“Well you see, I came here looking to have a drink with a good friend, nothing more, but I found something else I am interested in.”
‘I’m … I’m sorry?”
Reeve stepped closer until he was just a foot from her, and she felt her heart speed up in her chest.
“What’s that?” Rachael repeated when he didn’t reply immediately.
“You.” The word was simple, but it did nothing to clear up her confusion.
“But … but what about Grant?” she asked. “I mean, it looked like you two were together, and I—I don’t want to cause any problems or get in the way of anything.”
Reeve moved so he was standing in front of her, booted feet on either side of her crossed ones. He leaned in, breathing softly against her cheek and she wet her lips reflexively.
“It’s pretty simple actually,” Reeve purred in her ear. “Grant and I hook up occasionally and we are both very attracted to you.” His lips brushed the sensitive outer shell and she shivered.
Bi then. Her experiences with Tom made her a little leery of bi guys, but it’s not like she was going to get involved with them beyond a quick—or maybe not so quick—roll in the sheets, she thought. This was a one-off. It wasn’t like she was going to see them after tonight so she might as well enjoy it while she had the opportunity.
“You aren’t in a relationship with him?” she said aloud. The last thing she wanted was to get involved with another cheater. Jonah had been more than enough, thankyouverymuch.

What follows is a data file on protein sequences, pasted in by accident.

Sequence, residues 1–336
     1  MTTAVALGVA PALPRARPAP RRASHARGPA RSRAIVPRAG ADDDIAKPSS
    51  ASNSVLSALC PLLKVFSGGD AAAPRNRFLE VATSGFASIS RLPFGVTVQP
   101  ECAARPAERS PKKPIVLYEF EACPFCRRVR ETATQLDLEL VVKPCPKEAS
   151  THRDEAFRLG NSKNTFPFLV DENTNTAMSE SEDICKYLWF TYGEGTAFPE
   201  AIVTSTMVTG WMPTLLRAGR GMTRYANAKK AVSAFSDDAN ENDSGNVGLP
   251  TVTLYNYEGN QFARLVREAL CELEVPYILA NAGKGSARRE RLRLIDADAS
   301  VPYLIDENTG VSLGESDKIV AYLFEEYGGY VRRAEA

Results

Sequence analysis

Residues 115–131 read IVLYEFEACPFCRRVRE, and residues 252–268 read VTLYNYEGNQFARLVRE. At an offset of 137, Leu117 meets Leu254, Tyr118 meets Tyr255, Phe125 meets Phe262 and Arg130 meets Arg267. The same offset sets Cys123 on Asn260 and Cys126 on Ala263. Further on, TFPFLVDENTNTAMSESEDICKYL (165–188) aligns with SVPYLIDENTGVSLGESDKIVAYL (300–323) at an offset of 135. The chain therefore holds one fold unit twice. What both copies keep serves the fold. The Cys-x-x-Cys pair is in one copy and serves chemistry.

Reeve shrugged. “We’ve been friends for a long time, but it’s nothing exclusive. We keep things fluid.”
“So how would this work?” Rachael asked, her voice going a little breathless as she imagined what could play out if she said yes. “We’d have a threesome?”
“That is entirely up to you. If you’re only attracted to one of us, the other will step aside, although we’d both be very disappointed. And I somehow don’t think that’s the case, is it?”
“No, I’m definitely attracted to you both,” Rachael admitted. Reeve wrapped an arm around her lower back and pulled her flush against his body.
“Then how we fuck—” he skimmed a hand down her back to cup the lower curve of her ass “—is up for negotiation. Whatever you’re comfortable with.”
Reeve, Grant, and Rachel have a very rare meeting. There's an ease to their coming together. Not a lot of beating around the bush. They are a seamless trio, they just fit. They don't question it or focus on drama inducing situations. They are three consenting adults.